“If I know there’s salt on the roads during my drive, I take the garden hose and wash in the wheel arches, the lower parts of the car and also underneath, as far in as I can do. I’m careful only to take the Jaguar out when most of the salt on the streets have been washed away by rain.

“During winter, I try to get all the maintenance done that needs to be done because it’s a car that’s more than 50 years old and takes a lot of care. Once the season starts, I then know that it’s up and running and in good condition.”

How to Store a Classic Car

Any classic car owner will tell you that storage is one of the most important factors in maintaining an old car, helping to prevent corrosion and protect it from the worst of the elements. However, there’s more to storing a classic than simply parking it in your garage.

Here are some helpful tips on how to safely store a classic car on a long-term basis.

  • Park in a Damp-Free Garage – Storing your car in a garage to protect it from the elements is all well and good, but only if space is free from damp. Any humidity and moisture in the storage area could lead to corrosion, as well as mold inside the cabin, so we’d recommend using a heater or dehumidifier to make sure space is dry when storing your car for extended periods.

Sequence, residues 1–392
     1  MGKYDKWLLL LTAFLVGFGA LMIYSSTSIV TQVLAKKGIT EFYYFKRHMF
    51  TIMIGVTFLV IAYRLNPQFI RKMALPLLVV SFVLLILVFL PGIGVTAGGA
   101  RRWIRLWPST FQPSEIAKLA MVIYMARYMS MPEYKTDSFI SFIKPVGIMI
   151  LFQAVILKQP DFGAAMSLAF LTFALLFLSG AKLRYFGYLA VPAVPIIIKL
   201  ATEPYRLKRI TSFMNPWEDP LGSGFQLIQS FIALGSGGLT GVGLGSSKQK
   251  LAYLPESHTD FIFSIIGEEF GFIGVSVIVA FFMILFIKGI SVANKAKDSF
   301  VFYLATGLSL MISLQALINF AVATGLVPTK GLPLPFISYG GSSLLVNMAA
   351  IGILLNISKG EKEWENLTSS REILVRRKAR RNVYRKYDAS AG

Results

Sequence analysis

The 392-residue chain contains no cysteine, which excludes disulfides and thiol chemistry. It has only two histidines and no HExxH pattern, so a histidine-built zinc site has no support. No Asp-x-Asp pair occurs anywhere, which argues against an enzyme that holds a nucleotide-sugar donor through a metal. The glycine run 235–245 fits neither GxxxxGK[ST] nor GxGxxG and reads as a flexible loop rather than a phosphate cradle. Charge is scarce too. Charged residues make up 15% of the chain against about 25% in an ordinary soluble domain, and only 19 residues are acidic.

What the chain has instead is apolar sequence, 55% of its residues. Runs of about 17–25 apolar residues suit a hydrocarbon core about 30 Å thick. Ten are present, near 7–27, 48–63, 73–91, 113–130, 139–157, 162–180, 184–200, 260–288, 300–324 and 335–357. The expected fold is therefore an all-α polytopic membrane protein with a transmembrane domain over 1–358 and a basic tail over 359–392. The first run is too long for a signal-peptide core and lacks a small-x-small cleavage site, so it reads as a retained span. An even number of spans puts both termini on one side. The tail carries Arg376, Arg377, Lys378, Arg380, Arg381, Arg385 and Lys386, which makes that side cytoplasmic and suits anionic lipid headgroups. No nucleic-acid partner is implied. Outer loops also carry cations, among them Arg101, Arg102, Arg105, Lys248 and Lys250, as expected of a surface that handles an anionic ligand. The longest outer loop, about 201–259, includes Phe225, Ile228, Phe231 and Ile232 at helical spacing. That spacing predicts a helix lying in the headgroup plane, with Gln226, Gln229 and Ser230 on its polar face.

• Open the Windows to Help Air Circulate – The last thing you want when you take your car out for a spin is a musty smell in the cabin, so keep the front windows ajar slightly to let the air circulate and prevent odors.
  • Make Sure the Paintwork is Shaded from Direct Sunlight – If your storage area has windows or a skylight, you’ll need to cover the car to protect it from direct sunlight, as this could gradually fade the paintwork. There are lots of car covers on the market, but we’d recommend one that’s breathable and lined for maximum protection.
  • Leave the Handbrake Off – Handbrake cables tend to seize on older cars, so leave it off and chock the wheels instead.
  • Turn the Tyres Regularly – Tyres can develop flat spots or warp when the car is parked in the same place for a long time, so you should make sure they’re turned regularly – even if it just means reversing it out of the garage and back in every couple of weeks. If you’re planning to store the car for over a month without driving it, we’d recommend removing the wheels and storing these horizontally somewhere dry, with the vehicle raised on to jack stands.